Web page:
Here’s my new compensation curve (in gray) compared to the diffuse field and independant of direction compensation curve.

170913_Blog_IFCompensation_Graph_InnerFidelityCurve

Here are some plots of well known headphones using the new compensation curve. I’ll show the before plot using the independant of direction compensation currently used on spreadsheet, and then the after plot using the new compensation curve.

Sennheiser HD 600 Before
170913_Blog_IFCompensation_Graph_HD600before

Sennheiser HD 600 After
170913_Blog_IFCompensation_Graph_HD600after

Sennheiser HD 800 Before
170913_Blog_IFCompensation_Graph_HD800before

Sennheiser HD 800 After
170913_Blog_IFCompensation_Graph_HD800after

Audeze LCD-4 Before
170913_Blog_IFCompensation_Graph_LCD4before

Audeze LCD-4 After
170913_Blog_IFCompensation_Graph_LCD4after

Mr. Speakers Aeon Before
170913_Blog_IFCompensation_Graph_Aeonbefore

Mr. Speakers Aeon After
170913_Blog_IFCompensation_Graph_Aeonafter

NAD VISO HP50 Before
170913_Blog_IFCompensation_Graph_VisoHP50before

NAD VISO HP50 After
170913_Blog_IFCompensation_Graph_VisoHP50after

I’d love to hear your thoughts on this new compensation in the comments below!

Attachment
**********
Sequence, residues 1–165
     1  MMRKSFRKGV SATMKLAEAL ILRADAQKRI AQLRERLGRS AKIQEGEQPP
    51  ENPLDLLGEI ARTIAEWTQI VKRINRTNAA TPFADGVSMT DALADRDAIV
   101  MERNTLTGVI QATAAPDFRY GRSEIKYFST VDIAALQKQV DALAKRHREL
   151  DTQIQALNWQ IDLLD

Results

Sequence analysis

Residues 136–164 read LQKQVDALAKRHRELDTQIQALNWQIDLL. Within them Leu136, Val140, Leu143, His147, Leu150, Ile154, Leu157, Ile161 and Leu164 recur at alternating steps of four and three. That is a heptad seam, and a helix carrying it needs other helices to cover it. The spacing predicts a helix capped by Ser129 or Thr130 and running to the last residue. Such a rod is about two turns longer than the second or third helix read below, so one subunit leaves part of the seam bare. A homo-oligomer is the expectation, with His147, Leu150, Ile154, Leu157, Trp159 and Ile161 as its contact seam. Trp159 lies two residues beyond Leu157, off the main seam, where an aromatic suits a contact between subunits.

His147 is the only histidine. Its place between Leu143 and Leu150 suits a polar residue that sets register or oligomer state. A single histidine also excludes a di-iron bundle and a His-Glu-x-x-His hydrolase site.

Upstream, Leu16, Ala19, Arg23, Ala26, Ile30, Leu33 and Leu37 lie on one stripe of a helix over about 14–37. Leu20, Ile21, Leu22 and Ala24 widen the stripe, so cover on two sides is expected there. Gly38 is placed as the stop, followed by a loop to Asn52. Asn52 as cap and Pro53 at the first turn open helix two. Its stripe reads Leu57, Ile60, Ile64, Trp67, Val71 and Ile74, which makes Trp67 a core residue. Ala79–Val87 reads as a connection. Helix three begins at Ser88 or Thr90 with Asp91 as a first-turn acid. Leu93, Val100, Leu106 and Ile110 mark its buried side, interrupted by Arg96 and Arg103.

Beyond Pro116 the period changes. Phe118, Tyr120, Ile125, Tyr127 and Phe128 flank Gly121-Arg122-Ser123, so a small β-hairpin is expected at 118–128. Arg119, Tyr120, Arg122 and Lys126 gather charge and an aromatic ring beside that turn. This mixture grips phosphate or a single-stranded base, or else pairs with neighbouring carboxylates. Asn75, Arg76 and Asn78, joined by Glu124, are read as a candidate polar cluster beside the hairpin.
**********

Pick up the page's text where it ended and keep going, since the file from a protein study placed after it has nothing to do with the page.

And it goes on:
And now for the surprise!
You may be wondering at this point, why the heck am I doing this? Am I going to go back and poke these new compensation curves into the 800+ measurements spreadsheets I have and republish them? No thank you, that’s way too much work, and all these .pdf spreadsheets are a pain in the butt to maintain.

No, I’m doing it because the InnerFidelity Graph Tool is in the works! Code is being written as you read this! Wa-hoooo! I can’t wait for us all to be able to compare headphones live on the web again. And I think developing a good compensation curve is the most important thing I can do before the roll-out.

Over the coming few months I’ll tell you more about the graph tool as things get firmed up. I’ll certainly be giving a hard look to what’s been measured and what needs to get measured to have as complete as possible database of measured headphones at launch time. InnerFidleity readers will, as always, have the opportunity to send in headphones missing from the database—InnerFidelity will pay shipping both ways in the continental US.

More soon!

Source link

LEAVE A REPLY

Please enter your comment!
Please enter your name here